earlier "it's almost over" but I wasn't completely sure what
he was trying to tell me. Even though I'd reported on the progressive
white-anting of the ex-gay message twelve months earlier......sometimes I'm a
I did know something though. I'd been in a
confidential online group leading up to the conference with several Exodus
leaders as well as ex-gay survivors. This had been created at Alan's request
and I was invited to participate. The Exodus leaders were hopelessly out
numbered and it was definitely not a space for the faint-hearted. For all
that others might criticise Alan for, one thing I believe we should give him
some credit for is his courage. I'm not sure I would have willing placed myself
in some of those spaces.
A number of the ex-gay survivors became a part of
the Lisa Ling, Our America show "God
and Gays" on the Oprah network. In this show, Alan and his wife
Leslie were seated in dark church basement with about a dozen ex-gay survivors
who, through tears and anger, confronted them with their stories. It was
here that Alan first apologised but it had not yet been made public. "God
and Gays' was aired the second night of conference after Alan had
officially closed Exodus down.
Are you seeing what's going on here?
This was a planned and well executed closure
or was it just an evolution? Possibly over twelve months before, seat belts
were fastened and the lever pulled on this roller coaster ride. It began
clanking slowly with a change in position statements, more nuanced blog posts,
reaching the peak with Alan's written apology to the LGBT community in the
afternoon before the conference, racing off that same night with the official
close down. The opening address was live-streamed
so that as many people as possible could get the information first hand. From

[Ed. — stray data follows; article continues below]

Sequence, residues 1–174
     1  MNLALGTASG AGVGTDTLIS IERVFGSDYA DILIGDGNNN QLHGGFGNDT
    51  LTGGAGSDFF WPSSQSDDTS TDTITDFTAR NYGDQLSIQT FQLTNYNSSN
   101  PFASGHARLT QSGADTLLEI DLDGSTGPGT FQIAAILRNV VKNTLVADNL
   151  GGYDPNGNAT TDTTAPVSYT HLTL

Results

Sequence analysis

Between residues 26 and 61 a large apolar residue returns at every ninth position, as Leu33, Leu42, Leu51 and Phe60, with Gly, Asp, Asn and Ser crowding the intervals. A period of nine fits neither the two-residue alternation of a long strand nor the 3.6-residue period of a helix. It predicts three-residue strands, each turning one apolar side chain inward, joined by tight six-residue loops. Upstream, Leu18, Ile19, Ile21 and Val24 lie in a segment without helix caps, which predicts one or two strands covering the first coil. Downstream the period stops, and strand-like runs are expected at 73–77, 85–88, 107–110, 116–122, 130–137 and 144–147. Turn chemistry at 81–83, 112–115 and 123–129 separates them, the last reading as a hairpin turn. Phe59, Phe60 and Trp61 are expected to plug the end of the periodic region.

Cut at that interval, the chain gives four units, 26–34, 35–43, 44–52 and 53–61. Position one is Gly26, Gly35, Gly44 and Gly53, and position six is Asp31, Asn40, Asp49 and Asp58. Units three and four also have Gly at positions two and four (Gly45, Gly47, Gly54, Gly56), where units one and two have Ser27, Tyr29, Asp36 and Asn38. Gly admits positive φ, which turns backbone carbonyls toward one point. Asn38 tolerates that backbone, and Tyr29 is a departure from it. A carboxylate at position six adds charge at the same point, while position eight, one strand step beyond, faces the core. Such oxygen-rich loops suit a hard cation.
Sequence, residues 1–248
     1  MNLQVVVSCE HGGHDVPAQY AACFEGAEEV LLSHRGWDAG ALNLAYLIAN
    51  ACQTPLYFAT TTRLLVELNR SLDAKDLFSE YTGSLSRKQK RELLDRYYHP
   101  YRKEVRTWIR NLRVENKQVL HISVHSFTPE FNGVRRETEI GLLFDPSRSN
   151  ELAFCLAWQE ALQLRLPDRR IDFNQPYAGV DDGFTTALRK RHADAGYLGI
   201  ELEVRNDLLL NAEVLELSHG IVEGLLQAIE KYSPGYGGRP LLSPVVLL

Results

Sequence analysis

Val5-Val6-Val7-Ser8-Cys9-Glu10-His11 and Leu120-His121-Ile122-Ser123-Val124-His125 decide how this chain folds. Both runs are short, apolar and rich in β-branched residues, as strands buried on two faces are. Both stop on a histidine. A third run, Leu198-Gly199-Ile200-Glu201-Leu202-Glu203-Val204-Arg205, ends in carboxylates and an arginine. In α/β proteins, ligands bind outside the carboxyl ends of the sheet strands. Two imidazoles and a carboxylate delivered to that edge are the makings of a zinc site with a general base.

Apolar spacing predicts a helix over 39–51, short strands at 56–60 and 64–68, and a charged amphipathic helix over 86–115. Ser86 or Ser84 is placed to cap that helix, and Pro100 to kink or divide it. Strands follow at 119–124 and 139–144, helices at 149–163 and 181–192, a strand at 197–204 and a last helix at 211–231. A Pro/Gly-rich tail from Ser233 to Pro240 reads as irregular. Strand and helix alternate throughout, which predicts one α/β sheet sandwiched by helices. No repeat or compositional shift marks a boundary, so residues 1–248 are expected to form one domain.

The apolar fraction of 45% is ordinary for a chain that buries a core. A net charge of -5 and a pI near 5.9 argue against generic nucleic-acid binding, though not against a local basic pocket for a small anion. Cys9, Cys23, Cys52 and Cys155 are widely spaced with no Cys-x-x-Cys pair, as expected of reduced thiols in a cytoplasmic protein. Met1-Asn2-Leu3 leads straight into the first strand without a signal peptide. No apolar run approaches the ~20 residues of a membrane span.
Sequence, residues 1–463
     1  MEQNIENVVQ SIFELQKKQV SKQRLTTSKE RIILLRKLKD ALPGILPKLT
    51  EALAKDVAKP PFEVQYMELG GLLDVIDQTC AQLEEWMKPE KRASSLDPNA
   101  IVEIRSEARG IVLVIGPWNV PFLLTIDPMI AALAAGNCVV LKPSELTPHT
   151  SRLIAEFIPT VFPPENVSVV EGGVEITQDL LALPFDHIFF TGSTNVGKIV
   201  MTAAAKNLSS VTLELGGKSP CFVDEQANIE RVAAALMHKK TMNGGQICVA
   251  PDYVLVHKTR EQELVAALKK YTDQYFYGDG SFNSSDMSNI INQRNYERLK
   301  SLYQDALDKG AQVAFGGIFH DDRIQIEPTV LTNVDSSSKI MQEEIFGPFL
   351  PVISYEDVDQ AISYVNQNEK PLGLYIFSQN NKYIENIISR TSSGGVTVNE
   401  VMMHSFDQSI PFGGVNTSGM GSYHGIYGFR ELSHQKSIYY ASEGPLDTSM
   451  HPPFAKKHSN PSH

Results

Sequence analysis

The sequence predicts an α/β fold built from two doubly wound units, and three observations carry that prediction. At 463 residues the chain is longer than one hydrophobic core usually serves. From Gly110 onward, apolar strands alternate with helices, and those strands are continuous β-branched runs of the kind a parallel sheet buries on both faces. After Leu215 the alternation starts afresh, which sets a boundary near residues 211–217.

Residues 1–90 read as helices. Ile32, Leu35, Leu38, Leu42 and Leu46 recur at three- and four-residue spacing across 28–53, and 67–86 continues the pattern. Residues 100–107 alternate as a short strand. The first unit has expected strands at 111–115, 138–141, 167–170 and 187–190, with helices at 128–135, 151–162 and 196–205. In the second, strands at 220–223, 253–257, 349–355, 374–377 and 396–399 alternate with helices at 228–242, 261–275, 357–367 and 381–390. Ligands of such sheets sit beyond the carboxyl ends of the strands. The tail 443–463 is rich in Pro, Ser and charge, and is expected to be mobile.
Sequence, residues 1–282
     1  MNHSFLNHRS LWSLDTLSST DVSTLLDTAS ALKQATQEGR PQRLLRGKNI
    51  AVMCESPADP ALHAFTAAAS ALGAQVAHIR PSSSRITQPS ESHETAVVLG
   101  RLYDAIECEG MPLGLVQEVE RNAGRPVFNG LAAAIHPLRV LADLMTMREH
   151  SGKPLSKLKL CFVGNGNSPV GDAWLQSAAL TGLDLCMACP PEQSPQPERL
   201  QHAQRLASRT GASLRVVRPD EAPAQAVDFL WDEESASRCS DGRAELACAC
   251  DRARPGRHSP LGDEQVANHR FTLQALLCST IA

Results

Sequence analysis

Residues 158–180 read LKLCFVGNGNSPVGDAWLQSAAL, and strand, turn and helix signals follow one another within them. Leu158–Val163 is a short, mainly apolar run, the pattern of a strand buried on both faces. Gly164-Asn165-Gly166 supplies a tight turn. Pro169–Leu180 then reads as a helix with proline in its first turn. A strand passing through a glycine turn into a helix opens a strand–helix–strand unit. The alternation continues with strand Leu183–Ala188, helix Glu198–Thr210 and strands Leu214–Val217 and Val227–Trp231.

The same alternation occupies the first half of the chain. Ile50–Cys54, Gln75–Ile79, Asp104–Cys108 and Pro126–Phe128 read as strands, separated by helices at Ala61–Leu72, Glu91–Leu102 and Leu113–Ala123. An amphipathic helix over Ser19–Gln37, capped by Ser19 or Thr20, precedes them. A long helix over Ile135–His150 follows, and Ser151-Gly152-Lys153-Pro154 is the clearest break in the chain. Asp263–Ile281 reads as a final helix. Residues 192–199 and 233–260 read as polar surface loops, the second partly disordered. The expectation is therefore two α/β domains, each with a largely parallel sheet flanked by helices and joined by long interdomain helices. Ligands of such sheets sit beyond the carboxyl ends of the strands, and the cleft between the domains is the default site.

there on it just bolted and rattled on a crazy ride. I am sure there were
times they thought it would run totally off the tracks. I'd even emailed
Alan encouraging him not to quit, concerned that if he did the role might be
taken over by someone else who had not made the progress Alan had. That
could set things back another ten to fifteen years.
With the service now over, most people
remained seated. Stunned. A few got up and hugged other people. A time
of ministry and prayer was offered for those feeling the need for comfort. I
didn't really know what to say myself. I mean "what now?". We are
here for another three days at the conference. Places were provided for the
various groups like youth, parents and married couples to have supper together
after the meeting. I didn't go to those. Not that I wasn't welcome but
it was like the family needed some private time to talk about the implications
of what they'd just heard. I felt that intimate space needed to be
I did immediately wonder about the wisdom of
making this announcement at the opening address. Possibly there was no
Looking back I see the first night was best
and not the final night as it gave those attending a safe space to talk, share
and process the implications of what they had just happened. I hate to think
what terrible consequences it would have had on some attending the conference
had they heard this last.
This was not a "they won - we lost'
moment. Exodus was closed with a level of dignity.....certainly honesty and
But what about the next three days?
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© Anthony Venn-Brown is the co-founder and former leader of Freedom2b, Australia’s largest network of LGBT (lesbian, gay, bisexual, transgender) people from Christian backgrounds. He is also an educator and consultant on LGBT/faith issues and leader in deconstructing the ‘ex-gay’ myth. Anthony’s autobiography 'A Life of Unlearning', details his journey from married, high profile preacher in Australia’s mega-churches to living as an openly gay man. Anthony has been twice voted ‘One of the 25 Most Influential Gay and Lesbian Australians’ (2007 & 2009) and was one of four finalists for the 2011 ACON Community Hero Award. He is also the founder and CEO of Ambassadors & Bridge Builders International.